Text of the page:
Though schizophrenia is acute and serious, the research in the field is leading to a safer treatment. With proper treatment, people suffering from this disorder can be a part of society and lead a productive life
Every year 24th May is observed as World Schizophrenia Day to make people aware about schizophrenia and to shatter the stigma attached with this mental disorder. Schizophrenia is simply a mental disorder that affects a person’s ability to think, feel, and behave clearly. Regarded as a very grave disease in our society, people with the condition are among the most highly stigmatised and socially sidelined. Since 1986, Schizophrenia Awareness Week (SAW) is held in May every year. This year, Schizophrenia Awareness Week is marked from the 20 to 27 May 2018. This coincides with the week of World Schizophrenia Awareness Day. The theme for this year’s SAW is ‘Do What You Can Do, asking people to join in taking action to beat stigma and promote inclusion.
Though schizophrenia is acute and serious, the research in the field is leading to a safer treatment. With proper treatment, people suffering from this disorder can be a part of society and lead a productive life. Schizophrenia is not as common as other mental disorders, affecting about one percent of the population. However, the symptoms can be very disabling. We have investigated the common myths attached with Schizophrenia today.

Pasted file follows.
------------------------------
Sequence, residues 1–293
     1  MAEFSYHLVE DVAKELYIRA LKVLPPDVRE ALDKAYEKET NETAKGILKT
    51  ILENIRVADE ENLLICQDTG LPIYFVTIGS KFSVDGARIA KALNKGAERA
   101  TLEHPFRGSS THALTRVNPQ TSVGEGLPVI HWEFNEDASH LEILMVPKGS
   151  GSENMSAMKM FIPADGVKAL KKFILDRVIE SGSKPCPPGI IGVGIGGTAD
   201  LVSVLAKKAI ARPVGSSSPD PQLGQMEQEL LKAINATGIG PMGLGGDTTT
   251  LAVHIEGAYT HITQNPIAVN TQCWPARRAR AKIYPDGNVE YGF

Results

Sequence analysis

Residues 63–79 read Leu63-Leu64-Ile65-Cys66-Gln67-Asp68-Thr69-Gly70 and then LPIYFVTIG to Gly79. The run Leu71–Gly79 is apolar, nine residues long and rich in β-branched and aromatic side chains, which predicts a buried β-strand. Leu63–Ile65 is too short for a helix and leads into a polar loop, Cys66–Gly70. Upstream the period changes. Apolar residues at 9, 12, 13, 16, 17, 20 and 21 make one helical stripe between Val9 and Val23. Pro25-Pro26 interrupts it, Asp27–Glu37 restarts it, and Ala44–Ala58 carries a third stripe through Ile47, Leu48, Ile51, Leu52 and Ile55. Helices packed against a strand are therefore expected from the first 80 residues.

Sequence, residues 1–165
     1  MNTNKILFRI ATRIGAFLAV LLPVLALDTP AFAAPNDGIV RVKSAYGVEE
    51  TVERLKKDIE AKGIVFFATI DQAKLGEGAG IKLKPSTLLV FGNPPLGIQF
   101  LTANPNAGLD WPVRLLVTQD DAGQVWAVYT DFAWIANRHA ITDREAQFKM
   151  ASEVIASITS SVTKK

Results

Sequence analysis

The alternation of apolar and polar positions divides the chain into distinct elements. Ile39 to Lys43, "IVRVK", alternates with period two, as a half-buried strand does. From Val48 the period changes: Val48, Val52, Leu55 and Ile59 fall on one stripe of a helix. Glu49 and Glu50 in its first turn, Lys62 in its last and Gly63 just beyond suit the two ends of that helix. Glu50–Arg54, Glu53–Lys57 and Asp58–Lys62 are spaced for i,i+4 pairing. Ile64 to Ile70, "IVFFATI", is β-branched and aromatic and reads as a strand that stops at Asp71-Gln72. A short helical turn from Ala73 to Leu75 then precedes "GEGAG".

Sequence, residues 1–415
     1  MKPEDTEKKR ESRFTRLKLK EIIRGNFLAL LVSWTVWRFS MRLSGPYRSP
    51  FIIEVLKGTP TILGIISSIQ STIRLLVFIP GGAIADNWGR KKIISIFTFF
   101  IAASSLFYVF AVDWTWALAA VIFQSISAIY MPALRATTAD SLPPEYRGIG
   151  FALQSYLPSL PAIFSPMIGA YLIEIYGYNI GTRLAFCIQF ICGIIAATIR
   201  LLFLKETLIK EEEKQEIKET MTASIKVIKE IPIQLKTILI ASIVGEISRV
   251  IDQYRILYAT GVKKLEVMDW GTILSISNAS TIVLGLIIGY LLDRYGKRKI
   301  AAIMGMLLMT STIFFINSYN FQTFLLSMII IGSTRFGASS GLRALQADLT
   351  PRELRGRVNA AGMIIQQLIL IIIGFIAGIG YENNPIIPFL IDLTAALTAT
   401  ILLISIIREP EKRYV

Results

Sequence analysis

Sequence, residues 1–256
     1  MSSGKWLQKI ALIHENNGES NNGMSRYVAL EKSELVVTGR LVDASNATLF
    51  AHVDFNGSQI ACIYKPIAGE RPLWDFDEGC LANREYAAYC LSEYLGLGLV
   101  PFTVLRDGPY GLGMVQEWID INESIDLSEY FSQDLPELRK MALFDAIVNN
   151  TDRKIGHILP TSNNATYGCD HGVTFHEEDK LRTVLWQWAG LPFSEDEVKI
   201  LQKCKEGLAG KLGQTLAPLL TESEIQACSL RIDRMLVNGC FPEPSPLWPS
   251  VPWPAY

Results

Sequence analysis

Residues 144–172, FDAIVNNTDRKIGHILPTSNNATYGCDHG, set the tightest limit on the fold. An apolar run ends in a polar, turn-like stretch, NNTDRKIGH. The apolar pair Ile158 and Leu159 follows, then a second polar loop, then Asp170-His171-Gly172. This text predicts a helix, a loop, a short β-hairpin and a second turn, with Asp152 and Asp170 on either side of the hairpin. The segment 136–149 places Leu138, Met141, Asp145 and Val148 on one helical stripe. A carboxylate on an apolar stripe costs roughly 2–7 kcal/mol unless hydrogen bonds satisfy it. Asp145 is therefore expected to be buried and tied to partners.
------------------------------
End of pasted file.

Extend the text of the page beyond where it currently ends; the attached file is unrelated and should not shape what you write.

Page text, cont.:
Schizophrenia can make patients violent
This is the popular belief, while truth is something different. Most individuals suffering from the schizophrenia are rather victims of violence by family or outsiders. A few may get violent in an acute episode, but that too specifically towards family member for a short while.
Schizophrenic patients are low in intelligence
Contrary to this belief, we have the example of Professor John Nash, who inspired the Oscar-winning film ‘A Beautiful Mind’. He was a Nobel laureate in Economics. Schizophrenia may affect cognition if untreated, but it doesn’t make anyone dumb or lower their intelligence.
Schizophrenia must have life-long medication
Diagnosed with schizophrenia does not mean that medications need to go on until the end of life. Psychiatrists take a call based on various factor and many patients are slowly weaned off the medication and never have an episode ever.